Disregarding value, but instead going by size in the protocol, what are the largest transactions so far in the history of Bitcoin, in terms of:

  1. byte size
  2. number of inputs ("vin")
  3. number of outputs ("vout")
  4. total number of inputs and outputs

4 Answers 4

  1. The largest single transaction to date is 465,554 bytes. It's hash is 659135664894e50040830edb516a76f704fd2be409ecd8d1ea9916c002ab28a2.

  2. The same transaction has the largest number of inputs: 2,585.

  3. Two transactions tie for the largest number of outputs: 623463a2a8a949e0590ffe6b2fd3e4e1028b2b99c747e82e899da4485eb0b6be and 5143cf232576ae53e8991ca389334563f14ea7a7c507a3e081fbef2538c84f6e both have 3,075 outputs

  4. The same two transactions have the largest number of inputs plus outputs, although they only have a single input so the total is 3,076 inputs plus outputs.

Note, however, that the blockchain has been used to store information by manipulating output addresses so it is more than likely that the transactions listed in 3) are not "real", in that they do not contain spendable outputs.

  • Limits on transaction sizes suggest that it would be hard to create a transaction this big nowadays. There is a 100K limit on "standard" transactions See here Commented Jan 6, 2015 at 21:02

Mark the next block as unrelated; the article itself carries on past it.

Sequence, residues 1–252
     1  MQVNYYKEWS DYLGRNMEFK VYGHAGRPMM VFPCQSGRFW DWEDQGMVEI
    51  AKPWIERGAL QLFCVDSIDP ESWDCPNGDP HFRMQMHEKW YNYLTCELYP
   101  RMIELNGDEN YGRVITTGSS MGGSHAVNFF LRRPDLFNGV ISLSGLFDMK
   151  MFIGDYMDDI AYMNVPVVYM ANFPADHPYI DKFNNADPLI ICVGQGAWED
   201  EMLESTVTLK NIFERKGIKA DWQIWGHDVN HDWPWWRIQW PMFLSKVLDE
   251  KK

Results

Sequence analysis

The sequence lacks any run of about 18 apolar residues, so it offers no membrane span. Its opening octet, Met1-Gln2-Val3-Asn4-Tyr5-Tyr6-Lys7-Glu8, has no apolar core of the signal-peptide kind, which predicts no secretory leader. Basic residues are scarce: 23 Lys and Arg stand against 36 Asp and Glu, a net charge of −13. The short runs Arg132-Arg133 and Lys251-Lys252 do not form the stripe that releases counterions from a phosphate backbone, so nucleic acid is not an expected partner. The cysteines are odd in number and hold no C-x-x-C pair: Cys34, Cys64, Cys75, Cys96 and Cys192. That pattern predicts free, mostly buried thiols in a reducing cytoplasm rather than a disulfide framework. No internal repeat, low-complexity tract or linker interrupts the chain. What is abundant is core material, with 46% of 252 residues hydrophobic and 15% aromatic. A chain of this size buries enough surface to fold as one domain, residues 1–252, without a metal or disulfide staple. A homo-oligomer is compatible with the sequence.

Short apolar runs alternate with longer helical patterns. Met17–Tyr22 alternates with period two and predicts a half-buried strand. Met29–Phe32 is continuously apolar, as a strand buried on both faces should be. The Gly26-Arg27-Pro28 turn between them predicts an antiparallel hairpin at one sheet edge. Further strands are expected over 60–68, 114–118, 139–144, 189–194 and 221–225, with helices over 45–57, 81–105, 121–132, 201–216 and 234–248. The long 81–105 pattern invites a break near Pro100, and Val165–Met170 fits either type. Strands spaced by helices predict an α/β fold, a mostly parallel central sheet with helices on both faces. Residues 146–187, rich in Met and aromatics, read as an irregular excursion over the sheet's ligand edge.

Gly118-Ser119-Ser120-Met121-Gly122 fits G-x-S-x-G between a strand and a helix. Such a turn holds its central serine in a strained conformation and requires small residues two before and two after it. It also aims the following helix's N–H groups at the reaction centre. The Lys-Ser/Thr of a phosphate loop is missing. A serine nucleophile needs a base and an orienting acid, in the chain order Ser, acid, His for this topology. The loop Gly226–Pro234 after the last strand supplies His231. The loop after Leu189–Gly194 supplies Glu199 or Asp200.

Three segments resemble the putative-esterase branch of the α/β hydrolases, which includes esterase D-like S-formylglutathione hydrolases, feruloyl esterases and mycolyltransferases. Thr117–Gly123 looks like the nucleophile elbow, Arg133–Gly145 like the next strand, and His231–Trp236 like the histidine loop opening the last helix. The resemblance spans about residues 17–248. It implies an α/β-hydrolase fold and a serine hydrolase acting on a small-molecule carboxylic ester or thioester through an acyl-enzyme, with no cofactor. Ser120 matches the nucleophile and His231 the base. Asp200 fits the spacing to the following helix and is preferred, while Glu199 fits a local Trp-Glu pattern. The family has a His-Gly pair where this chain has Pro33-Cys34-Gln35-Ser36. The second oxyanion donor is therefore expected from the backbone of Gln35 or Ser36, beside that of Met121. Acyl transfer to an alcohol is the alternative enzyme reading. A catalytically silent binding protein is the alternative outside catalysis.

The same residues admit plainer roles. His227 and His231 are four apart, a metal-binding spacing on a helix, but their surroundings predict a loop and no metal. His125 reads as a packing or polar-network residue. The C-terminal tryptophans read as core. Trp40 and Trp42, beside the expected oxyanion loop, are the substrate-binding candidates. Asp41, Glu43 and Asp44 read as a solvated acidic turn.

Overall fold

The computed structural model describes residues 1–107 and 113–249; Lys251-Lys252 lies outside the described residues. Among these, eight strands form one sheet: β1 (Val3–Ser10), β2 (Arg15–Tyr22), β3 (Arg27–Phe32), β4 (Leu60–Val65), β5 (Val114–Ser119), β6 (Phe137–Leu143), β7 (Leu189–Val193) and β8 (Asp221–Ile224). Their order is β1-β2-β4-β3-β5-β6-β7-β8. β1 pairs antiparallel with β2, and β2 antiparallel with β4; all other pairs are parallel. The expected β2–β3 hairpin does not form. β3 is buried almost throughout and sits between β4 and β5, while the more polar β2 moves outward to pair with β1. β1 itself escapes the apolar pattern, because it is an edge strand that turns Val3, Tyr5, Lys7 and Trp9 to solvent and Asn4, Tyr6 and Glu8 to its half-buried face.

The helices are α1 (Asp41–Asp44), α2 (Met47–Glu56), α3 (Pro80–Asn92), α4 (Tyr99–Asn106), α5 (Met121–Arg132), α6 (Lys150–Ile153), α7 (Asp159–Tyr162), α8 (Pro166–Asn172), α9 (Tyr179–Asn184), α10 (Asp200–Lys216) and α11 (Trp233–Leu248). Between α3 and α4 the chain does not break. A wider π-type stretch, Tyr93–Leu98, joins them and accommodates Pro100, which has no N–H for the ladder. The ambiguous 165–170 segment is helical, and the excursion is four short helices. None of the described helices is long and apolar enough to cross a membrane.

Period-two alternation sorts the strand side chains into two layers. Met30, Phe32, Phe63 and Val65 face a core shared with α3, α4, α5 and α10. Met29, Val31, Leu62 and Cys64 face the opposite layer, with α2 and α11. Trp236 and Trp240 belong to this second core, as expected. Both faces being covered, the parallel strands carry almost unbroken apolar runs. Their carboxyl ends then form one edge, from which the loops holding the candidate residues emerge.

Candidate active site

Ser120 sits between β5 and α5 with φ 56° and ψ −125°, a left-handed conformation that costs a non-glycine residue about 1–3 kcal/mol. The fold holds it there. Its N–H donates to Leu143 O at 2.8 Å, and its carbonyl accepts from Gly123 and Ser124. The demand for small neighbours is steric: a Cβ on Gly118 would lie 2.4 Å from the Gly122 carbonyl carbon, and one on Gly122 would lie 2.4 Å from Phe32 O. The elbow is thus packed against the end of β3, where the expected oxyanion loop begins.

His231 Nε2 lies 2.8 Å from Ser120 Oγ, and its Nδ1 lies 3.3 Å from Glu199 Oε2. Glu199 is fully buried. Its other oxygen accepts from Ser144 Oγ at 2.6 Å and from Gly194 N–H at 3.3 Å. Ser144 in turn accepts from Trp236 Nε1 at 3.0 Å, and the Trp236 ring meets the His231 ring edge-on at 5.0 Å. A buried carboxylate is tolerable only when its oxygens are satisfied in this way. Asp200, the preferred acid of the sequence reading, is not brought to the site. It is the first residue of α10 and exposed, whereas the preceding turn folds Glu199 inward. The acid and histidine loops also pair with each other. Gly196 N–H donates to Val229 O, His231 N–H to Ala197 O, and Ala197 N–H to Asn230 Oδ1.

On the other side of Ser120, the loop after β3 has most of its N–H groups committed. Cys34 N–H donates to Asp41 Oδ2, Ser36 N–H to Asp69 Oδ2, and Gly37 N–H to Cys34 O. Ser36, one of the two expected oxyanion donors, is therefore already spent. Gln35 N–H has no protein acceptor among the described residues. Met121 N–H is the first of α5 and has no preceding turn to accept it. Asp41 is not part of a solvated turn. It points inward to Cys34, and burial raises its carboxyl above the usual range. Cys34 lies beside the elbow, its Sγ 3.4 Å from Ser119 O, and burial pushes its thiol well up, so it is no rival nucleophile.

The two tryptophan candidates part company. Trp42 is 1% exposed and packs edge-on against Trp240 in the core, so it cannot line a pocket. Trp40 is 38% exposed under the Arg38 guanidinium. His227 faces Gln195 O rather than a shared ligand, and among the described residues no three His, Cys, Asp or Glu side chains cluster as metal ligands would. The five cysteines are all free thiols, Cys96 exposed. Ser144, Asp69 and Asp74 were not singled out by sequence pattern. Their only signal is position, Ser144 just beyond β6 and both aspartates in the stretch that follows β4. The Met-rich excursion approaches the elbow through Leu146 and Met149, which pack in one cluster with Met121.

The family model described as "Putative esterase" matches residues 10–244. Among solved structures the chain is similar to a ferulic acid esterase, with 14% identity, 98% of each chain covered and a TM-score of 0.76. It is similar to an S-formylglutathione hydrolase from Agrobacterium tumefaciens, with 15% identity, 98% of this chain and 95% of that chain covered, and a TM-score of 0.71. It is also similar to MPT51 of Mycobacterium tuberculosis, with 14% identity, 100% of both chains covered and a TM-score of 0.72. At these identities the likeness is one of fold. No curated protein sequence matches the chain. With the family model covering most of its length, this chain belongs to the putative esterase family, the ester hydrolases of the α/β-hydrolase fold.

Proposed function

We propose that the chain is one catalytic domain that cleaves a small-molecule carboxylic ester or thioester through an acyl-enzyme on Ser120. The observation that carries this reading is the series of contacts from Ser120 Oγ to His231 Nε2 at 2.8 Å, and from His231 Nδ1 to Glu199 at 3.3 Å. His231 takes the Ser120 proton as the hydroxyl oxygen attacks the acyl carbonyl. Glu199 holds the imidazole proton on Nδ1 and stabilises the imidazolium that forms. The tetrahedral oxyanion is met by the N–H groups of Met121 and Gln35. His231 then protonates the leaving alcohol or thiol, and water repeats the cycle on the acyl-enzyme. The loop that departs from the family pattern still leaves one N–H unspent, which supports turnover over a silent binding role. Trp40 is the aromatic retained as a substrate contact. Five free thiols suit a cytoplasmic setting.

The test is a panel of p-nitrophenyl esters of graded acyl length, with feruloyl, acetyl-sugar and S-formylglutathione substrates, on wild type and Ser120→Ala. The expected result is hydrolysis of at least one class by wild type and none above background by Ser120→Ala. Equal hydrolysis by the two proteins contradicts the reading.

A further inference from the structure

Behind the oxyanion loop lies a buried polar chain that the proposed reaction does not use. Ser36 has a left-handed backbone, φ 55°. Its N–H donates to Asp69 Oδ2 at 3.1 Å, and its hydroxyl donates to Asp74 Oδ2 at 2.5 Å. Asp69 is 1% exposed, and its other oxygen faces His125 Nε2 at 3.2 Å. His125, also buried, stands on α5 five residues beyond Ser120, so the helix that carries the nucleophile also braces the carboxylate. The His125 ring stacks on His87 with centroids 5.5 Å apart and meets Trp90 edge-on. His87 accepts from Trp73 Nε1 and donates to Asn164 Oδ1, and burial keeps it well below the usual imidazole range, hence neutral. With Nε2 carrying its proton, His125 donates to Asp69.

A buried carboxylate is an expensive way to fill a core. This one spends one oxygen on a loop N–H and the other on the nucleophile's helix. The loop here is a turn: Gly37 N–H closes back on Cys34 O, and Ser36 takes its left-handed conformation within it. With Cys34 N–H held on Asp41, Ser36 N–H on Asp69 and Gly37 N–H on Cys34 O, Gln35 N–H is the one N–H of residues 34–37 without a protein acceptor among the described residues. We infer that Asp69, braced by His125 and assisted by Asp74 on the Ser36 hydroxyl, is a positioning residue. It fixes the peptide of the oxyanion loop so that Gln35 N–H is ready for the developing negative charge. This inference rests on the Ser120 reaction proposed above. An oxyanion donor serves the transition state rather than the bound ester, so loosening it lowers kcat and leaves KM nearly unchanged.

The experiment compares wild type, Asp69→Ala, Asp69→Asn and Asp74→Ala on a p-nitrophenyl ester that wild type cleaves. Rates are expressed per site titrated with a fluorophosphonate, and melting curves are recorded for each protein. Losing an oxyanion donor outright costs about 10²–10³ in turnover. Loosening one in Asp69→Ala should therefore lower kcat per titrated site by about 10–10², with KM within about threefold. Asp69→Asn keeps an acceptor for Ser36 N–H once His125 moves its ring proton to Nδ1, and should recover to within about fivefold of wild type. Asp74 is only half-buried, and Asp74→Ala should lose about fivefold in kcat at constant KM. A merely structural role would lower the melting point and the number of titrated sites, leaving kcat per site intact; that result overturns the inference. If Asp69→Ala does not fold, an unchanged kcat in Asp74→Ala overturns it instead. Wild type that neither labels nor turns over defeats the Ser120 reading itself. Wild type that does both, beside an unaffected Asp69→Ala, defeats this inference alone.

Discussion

The largest transaction by size to date was the Mega Transaction mined by f2pool on 7 July 2015: It was 999,657 bytes, had 5,569 inputs and 1 output.

The transaction filled a complete block by itself and that block was widely cited as taking 25 seconds to validate. The transaction caused a lot of discussion back then, and prompted e.g. this blog post about the Mega Transaction's validation time by Rusty Russell.


Scripts to find it out yourself + preprocessed data

I have uploaded scripts that extract most of the data you ask at: https://github.com/cirosantilli/bitcoin-strings-with-txids including the top 10k transactions for each category.

Those scripts rely on https://github.com/alecalve/python-bitcoin-blockchain-parser which parses the blockchain data offline and without the need for a running local server.

The scripts could quickly update the data at any time efficiently from the last snapshot, and this is what I've found when I last updated on February 2021:

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